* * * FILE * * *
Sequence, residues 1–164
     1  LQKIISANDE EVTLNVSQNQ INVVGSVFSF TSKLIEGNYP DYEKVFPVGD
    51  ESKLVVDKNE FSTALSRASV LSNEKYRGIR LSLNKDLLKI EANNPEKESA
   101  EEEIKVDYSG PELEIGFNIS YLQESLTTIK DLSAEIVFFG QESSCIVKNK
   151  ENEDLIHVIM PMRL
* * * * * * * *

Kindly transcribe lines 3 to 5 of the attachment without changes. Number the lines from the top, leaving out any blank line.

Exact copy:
    51  ESKLVVDKNE FSTALSRASV LSNEKYRGIR LSLNKDLLKI EANNPEKESA
   101  EEEIKVDYSG PELEIGFNIS YLQESLTTIK DLSAEIVFFG QESSCIVKNK
   151  ENEDLIHVIM PMRL